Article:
Dr. Alexandru Burducea is the operator of a private practice in pain management and anesthesiology. He sees patients with chronic pain, be it spine pain, people with cancer. He uses a non-surgical approach with injections for that pain, which is an advanced treatment for pain management.

Dr. B, as he is referred to, received his undergraduate degree in biochemistry from the University of New York, at Stony Brook, followed by attending New York College of Osteopathic Medicine. A transitional rotating internship was completed at Long Beach Medical Center in Long Beach, NY. Dr. B fulfilled his residency in anesthesiology at Maimonides Medical Center in Brooklyn. His pain management fellowship was at Mount Sinai Medical Center in New York.

Building a business which provides patients high quality care in New York City, means that Dr. Alexandru Burducea works a lot, and is kept very busy. He has adopted a multi-disciplinary approach to pain management. If somebody has pain, he treats it with multiple therapy sessions such as acupuncture, physical therapy and injections for the best possible care.

Dr. B is married, and he and his wife, Danielle have two boys. Family time is one thing that Dr. Alexandru Burducea really enjoys. 

Why did you choose to become a doctor?

My passion for medicine developed as I was raised by my grandmother in Romania, from birth to age 5. She was diagnosed with breast cancer in 1982 and unfortunately, at that time there was no sort of treatment. I always saw her suffering with the pain and that has stuck with me. With this passion for pain management, I believed that I could make a difference in the community to help people who are going through what my grandmother did.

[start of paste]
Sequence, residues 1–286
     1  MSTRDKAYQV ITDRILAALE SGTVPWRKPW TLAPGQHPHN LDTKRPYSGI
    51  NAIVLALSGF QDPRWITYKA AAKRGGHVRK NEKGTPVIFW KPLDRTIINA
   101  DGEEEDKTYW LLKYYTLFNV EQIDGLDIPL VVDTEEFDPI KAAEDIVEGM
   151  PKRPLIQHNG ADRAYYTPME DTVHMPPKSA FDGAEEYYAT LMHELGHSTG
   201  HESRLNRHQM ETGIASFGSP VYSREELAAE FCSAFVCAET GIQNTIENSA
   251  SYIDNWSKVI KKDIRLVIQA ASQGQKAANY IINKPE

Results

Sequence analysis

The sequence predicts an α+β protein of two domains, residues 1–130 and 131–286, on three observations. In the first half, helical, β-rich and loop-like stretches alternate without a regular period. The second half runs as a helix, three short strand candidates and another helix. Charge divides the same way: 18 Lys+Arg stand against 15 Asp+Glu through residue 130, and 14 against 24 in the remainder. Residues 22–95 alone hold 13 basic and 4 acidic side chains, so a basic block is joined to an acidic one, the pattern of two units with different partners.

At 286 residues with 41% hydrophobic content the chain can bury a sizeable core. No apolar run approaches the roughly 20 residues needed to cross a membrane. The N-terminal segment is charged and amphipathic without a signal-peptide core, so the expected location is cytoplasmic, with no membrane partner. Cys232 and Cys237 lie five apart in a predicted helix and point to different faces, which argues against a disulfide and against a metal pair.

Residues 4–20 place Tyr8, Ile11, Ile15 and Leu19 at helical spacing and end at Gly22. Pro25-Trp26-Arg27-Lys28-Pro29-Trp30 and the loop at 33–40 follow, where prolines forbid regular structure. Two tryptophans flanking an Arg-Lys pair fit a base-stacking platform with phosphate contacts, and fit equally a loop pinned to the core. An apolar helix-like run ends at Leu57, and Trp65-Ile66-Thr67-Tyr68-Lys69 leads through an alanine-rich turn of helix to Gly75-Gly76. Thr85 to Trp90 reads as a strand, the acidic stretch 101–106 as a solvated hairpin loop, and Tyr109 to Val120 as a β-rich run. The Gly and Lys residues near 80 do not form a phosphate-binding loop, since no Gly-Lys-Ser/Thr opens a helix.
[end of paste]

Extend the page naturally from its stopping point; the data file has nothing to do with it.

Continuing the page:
This experience helped me make the decision to go into the medical field to treat patients who suffer. I believe I made the right decision to go into pain management, the fact that I can help those to receive treatment that my grandmother didn’t, it has made me a very passionate physician. I do whatever I can to help my patients and treat them all like family.

What area do you specialize in?

I am bored certified in both Pain Management and Anesthesiology.

What is your daily routine?

My days are very busy and hectic but that’s why I love my job. I always keep myself organized to ensure that I am on top of everything and can make time for my family. I usually wake up early, around 5:00, work out for an hour at home. I am always the first one in the office and I begin by opening the procedure room and getting things ready. I review my patients’ chart to get an idea for their history and continue to work until lunch.

I work part-time in Manhattan, so those days are usually very different as I see patients with chronic pain, back pain and cancer pain. I review MRIs, CAT scans, perform injections and develop a multi-disciplinary plan to help manage their pain.